Off and Running:
Workshop launches with flourish

More than 80 folks turned out on a rainy Thursday night, September 8, for the kick-off of a weeklong workshop to shape the future of the Ranson/Charles Town region.

The evening was part celebration of what’s already taken place, the coming-together of the two towns in an historic planning effort, and part introduction to an intensive week of collaboration.

The celebration inched up a notch or two Thursday night when Ranson Mayor A. David Hamill announced to the crowd at Washington High School in Charles Town that Ranson had been chosen to receive an additional $1.5 million grant, plus a $3 million loan from the U.S. Department of Housing and Urban Development (HUD). The money will help redevelop a former factory site.

Added to the $1.5 million already funding the week’s workshop planning, the new money means federal agencies are investing a total of $6 million in Ranson and Charles Town with the conviction that this region is a good place to leverage taxpayer dollars to create economic opportunity and shape more compact, walkable, livable places for broad cross-sections of people.

“These are cities on the right track,” said the Environmental Protection Agency’s Mathy Stanislaus, one of a half-dozen federal officials on hand for the planning workshop launch.

Ben Brown interviews Mathy Stanislaus post-presentation.

Former Maryland Gov. Parris Glendening, president of Smart Growth America’s Leadership Institute, delivered the evening’s keynote address. He lauded the Ranson/Charles Town partnership as a key example of the type of planning that’s necessary in an era in which community ambitions must pass the bang-for-the-buck test before they can be supported by public or private investment.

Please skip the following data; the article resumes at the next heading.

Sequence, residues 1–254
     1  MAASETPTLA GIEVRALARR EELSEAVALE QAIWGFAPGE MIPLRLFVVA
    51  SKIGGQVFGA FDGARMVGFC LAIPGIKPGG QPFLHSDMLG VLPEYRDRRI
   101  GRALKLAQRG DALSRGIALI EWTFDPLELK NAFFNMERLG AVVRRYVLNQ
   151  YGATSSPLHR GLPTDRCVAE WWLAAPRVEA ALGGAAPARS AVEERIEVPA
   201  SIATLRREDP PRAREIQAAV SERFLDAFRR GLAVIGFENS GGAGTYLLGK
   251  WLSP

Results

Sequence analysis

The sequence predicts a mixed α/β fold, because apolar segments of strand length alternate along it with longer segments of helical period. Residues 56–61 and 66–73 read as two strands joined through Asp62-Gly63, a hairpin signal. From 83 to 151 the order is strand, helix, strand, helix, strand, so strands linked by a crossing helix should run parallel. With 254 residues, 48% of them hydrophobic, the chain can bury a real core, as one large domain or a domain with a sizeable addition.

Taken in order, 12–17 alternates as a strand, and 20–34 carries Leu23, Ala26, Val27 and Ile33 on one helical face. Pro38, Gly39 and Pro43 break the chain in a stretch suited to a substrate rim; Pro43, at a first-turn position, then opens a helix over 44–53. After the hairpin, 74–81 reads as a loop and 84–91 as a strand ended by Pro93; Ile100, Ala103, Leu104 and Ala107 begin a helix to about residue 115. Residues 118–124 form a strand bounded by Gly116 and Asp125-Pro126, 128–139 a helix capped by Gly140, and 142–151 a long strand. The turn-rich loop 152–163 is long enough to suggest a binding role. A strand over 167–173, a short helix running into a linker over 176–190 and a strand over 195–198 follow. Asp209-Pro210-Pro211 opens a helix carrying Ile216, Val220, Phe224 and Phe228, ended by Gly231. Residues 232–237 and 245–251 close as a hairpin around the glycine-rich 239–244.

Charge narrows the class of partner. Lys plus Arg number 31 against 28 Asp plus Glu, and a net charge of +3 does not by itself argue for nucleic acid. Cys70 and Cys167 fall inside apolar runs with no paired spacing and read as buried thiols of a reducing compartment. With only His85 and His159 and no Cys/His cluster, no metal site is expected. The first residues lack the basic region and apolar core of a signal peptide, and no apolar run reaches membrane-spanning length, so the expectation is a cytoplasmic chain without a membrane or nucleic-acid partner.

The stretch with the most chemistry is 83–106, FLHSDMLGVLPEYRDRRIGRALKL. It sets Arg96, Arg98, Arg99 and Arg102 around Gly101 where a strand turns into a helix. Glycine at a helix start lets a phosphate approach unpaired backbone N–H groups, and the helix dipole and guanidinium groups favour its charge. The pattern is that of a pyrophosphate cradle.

From the federal agencies to local communities, planning and engineering officials know they have to consolidate efforts and focus on getting the most results from diminished resources. Planning in silos is out; collaboration is in.

The Obama Administration’s commitment to a multi-agency Partners in Sustainable Communities initiative is evidenced in grants like the ones that have made the Ranson/Charles Town project possible. To address the workshop’s goals in a comprehensive way, the towns have combined targeted funding from the EPA, the U.S. Department of Transportation (DOT) and HUD.

To get a sense of the goals of specific components of the project funded by the separate grants, check out the column to the immediate right. And follow the path to this point in the posts preceding this one.

Over the next six days, a team of consulting planners and designers will work alongside Ranson and Charles Town city staffs, property owners, developers and residents to test ideas and draft plans that integrate goals for growth in harmony with community character. To see the full array of opportunities to participate directly, check out the week’s schedule. And even if you can’t be with us in person, follow and comment on the daily updates here on these web pages.